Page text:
A speeding bus driver has been blamed for his own death after a witness said the vehicle was travelling faster than they had ever seen before.
Mohamed Bakari Chache, 50, was killed when his Stagecoach bus crashed into the parapet of Littlemill Bridge on the B9161 on the Black Isle in January last year.
Following a Fatal Accident Inquiry at Inverness, Sheriff Margaret Neilson said that the driver – known to passengers as ‘Smiler’ due to his happy demeanour – was responsible for his own death.
In her determination, published yesterday, Sheriff Neilson said: “The cause of the accident resulting in the death of said Mohamed Bakari Chache, was the bus being driven at excessive speed on the approach to the bend at Littlemill Bridge on the B9161 road at Littlemill Bridge.
“There are no precautions which had they been taken might have avoided the accident or the death. The available evidence indicates that the fatal injuries could have occurred whether or not a seat belt restraint was provided, and at any point during the initial impact with the bridge and the final resting place of the deceased and the vehicle.”
The Sheriff said Mr Chache had been a “valued” Stagecoach employee, liked by management, colleagues and his passengers.
On January 11 last year, he was driving the service bus No 26C from Inverness to Cromarty when he approached Littlemill Bridge at “excessive speed.”
The speed limit was 40mph and most drivers would cross the bridge at between 20 and 30mph. But Sheriff Neilson said “for reasons that are not clear” Mr Chache was driving at 52mph.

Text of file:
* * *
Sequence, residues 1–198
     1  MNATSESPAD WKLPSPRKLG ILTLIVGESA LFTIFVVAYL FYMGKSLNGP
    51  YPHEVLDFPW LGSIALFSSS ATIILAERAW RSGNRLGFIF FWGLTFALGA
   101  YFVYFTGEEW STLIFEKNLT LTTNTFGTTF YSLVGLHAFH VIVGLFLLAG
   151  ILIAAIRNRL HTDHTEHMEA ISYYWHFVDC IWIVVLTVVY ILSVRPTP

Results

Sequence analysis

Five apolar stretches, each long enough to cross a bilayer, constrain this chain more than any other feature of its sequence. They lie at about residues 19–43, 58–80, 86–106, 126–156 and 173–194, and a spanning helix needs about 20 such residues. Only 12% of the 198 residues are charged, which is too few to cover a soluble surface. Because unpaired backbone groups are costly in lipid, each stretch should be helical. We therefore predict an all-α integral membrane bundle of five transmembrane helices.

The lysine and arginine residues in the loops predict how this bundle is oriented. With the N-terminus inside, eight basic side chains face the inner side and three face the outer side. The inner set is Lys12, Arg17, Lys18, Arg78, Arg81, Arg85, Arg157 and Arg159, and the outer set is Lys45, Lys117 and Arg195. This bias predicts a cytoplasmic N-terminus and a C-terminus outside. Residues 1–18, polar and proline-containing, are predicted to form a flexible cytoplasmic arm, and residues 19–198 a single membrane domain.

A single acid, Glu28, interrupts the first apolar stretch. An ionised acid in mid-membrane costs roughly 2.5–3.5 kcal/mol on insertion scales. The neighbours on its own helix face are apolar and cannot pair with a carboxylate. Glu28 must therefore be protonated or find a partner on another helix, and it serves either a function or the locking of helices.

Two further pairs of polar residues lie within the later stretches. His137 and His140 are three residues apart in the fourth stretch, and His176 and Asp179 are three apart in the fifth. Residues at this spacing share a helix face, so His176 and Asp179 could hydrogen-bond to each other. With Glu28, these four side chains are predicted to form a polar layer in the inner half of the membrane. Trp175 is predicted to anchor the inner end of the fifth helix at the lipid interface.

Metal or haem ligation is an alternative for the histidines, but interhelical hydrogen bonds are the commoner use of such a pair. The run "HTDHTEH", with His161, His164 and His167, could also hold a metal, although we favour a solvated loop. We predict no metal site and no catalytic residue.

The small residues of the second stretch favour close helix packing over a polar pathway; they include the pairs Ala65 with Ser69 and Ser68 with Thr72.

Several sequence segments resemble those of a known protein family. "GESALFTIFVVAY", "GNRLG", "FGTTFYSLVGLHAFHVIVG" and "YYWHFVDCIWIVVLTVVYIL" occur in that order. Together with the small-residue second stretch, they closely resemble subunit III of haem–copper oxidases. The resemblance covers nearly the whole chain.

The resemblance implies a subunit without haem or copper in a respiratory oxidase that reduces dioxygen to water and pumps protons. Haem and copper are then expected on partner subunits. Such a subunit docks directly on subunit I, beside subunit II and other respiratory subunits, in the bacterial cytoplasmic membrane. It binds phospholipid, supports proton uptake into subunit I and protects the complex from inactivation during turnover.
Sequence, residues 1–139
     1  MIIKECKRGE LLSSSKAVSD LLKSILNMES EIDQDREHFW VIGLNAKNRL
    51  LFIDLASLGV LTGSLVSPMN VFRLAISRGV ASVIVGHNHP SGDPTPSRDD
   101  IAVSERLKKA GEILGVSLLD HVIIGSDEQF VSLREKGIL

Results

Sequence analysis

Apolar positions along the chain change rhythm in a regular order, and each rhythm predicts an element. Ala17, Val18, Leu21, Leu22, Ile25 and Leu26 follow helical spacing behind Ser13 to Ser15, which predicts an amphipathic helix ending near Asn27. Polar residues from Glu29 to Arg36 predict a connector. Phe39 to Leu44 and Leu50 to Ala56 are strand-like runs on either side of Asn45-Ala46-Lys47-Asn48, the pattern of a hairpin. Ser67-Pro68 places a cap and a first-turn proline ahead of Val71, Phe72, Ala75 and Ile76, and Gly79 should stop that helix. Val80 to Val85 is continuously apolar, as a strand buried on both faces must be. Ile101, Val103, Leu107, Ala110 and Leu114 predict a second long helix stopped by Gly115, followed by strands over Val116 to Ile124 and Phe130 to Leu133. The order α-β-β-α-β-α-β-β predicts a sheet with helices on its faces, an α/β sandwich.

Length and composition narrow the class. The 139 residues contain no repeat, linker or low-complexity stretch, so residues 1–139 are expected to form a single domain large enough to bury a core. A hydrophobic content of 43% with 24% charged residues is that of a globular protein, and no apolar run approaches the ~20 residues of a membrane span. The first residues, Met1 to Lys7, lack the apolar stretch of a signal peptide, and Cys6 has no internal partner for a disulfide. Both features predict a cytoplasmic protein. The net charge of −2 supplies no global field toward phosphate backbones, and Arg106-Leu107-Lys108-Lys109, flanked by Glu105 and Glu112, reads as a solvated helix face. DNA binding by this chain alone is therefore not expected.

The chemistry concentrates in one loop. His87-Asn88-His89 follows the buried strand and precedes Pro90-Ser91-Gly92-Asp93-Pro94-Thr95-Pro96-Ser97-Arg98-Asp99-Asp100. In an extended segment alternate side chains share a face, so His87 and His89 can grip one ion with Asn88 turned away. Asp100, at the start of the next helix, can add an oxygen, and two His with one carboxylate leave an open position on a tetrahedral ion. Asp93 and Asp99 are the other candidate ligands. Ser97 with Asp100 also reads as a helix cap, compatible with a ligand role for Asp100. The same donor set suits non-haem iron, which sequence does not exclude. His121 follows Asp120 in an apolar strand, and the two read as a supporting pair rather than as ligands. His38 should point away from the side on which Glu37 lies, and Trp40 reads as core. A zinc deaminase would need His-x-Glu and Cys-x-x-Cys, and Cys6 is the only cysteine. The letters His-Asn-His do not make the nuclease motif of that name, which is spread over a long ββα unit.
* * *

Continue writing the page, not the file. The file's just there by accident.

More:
The bus failed to take the corner, crashing into the parapet of the bridge and landing in an adjoining field after rolling over.
The two female passengers on the bus survived, but required hospital treatment and were left “traumatised” by the event.
Added Sheriff Neilson: “Both passengers on the bus spoke to realising he was going too fast before the vehicle swerved off the road.
“The car driver who passed the bus noticed that it was travelling much faster than he had ever seen a bus travelling there before.
“The CCTV on the bus itself showed the speed on the approach to the bridge to have been 52 mph in a 40 mph limit at the bridge which other drivers tended to cross at somewhere between 20 and 30 mph.
“Travelling at 52 mph the bus would not be able to safely cross the bridge and the bus going off the road was virtually inevitable.”
There were no recommendations she could make which suggested any precautions may have prevented Mr Chache’s death.
She added: “Driving at excessive speed, as he undoubtedly did on 11 January 2019, appeared to be totally out of character.
“Any further discussion as to why he was, indisputably, driving too fast would involve speculation on my part.
“Accordingly I will limit my findings on that basis.”